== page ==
Tuesday, September 25, 2012

Stinky and Sticky

I hate cleaning.  I really do. 

Do you remember the rule that says that if you cooked you don't have to clean up?  I like that rule, but it looks like I'm not going to get the luxury of that rule with the Boy Scout troop.  How do I set that in motion?

After the Iron Chef competition, Mike sent the scouts home with the pots they cooked their masterpieces in.  We didn't get those pots back and were stuck when it came to cooking at the campout last weekend.  We had to scrounge for pots big enough for what we were cooking.

So, Mike was reluctant to send the kids home with stuff to clean after this trip.  Does that mean that I'm stuck cleaning after every campout?  Five crates and two coolers of food, gear, and pots.  Two of the crates held stinky, sticky crud that should have been put into the coolers.  I'd expected that I could rest a bit on Sunday afternoon after I'd cleaned out the coolers.  I'd hoped I could finish the crates on Monday since, or so I thought, I had already unloaded all the perishables.  Not so.  Yogurt spilled and festered inside one crate.  Sticky lemonade seeped out of the top of the drink dispenser, gumming up a cooler, carpet in our truck, the tailgate, and two sets of clothing.  A jar of relish didn't have the lid screwed on tight and dripped into the bottom of another crate.  All of the condiments were put into the crates instead of the cooler and had to get thrown out from sitting out too long.  I had to throw away plastic cups, a fresh box of Ziploc bags, along with a whole package of sweaty flour tortillas.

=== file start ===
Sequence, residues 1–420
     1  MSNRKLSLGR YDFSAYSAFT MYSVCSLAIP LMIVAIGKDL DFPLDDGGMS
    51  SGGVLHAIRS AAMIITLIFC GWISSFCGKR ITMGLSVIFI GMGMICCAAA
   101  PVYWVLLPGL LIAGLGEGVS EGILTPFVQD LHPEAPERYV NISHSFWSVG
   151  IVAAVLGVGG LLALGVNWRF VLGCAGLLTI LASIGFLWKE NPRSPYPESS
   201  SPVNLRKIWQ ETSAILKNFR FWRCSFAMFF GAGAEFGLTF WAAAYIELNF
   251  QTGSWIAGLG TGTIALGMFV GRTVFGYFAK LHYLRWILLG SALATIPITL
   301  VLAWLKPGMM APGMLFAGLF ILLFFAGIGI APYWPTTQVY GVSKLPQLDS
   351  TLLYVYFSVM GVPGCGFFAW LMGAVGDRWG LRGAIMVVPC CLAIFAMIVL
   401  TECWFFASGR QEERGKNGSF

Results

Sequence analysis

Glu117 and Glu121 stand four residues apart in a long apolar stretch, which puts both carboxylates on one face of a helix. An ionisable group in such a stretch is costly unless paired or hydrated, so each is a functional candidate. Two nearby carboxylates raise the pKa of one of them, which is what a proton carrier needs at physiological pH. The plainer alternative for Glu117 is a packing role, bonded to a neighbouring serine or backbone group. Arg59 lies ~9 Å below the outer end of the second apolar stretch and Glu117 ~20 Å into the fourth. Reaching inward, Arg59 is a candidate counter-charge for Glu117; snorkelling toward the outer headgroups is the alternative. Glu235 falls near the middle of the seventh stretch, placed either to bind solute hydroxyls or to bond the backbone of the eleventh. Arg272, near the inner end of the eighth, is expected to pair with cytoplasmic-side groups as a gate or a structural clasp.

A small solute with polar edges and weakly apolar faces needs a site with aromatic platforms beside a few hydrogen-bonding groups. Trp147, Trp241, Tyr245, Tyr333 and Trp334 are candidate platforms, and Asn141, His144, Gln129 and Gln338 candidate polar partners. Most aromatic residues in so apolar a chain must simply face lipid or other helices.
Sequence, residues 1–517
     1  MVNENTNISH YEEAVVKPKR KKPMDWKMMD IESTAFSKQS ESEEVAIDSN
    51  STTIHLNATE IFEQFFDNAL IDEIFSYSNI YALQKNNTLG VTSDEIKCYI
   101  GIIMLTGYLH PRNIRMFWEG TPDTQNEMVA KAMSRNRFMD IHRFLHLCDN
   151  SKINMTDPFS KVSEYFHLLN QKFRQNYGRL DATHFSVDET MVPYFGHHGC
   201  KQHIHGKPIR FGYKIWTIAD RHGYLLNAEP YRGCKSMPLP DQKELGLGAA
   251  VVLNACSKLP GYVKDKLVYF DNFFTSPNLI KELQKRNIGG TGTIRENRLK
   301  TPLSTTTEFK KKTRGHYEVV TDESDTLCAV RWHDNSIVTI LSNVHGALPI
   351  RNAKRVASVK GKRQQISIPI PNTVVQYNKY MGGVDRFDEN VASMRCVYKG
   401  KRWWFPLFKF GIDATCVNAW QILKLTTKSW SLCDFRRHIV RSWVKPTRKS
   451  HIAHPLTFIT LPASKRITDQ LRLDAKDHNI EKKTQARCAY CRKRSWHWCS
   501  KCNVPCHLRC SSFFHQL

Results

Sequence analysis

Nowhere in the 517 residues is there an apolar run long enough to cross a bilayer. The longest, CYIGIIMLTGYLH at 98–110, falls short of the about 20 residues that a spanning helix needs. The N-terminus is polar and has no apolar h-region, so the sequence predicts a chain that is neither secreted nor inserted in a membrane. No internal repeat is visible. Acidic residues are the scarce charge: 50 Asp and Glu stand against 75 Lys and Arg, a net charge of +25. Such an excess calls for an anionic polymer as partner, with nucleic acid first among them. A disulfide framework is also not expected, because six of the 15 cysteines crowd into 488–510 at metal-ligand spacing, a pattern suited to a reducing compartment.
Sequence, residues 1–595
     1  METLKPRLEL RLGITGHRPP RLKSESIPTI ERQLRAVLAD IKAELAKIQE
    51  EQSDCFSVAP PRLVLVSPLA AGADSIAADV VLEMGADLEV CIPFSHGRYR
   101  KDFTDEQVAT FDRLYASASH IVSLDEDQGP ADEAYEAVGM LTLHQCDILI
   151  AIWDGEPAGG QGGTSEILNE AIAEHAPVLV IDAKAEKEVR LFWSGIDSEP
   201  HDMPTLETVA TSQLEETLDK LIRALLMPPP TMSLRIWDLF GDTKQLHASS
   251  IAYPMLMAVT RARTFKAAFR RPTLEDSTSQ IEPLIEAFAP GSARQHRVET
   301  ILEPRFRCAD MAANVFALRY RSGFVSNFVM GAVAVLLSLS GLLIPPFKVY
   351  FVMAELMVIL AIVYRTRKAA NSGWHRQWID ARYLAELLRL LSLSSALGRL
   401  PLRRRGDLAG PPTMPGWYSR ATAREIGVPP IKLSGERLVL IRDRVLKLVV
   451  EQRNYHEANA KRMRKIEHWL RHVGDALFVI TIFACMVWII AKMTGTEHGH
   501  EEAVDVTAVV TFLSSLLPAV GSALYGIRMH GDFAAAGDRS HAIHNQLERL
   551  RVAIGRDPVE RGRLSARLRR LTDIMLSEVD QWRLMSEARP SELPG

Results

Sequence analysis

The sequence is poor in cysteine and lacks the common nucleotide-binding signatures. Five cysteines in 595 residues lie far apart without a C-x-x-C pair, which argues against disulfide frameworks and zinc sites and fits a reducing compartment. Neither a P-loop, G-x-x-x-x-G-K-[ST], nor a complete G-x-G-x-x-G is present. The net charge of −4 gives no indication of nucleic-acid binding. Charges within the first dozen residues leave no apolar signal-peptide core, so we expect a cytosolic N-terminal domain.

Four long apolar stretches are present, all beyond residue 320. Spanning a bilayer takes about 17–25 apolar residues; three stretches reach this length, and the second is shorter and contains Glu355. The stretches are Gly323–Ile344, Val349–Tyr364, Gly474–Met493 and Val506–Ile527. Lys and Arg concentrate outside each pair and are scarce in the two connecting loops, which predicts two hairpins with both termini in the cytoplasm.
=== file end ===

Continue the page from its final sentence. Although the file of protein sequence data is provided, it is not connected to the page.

So, how do I let these people know that I have no intention of doing this after every camping trip?  How do I make it so that I'm not shouldering the entire cleanup process?  How do I get them to understand that the way they pack up at the end of a campout can mean the difference between me helping and me quitting? Good questions. 

I don't have the answers.

Thank you for listening, jb


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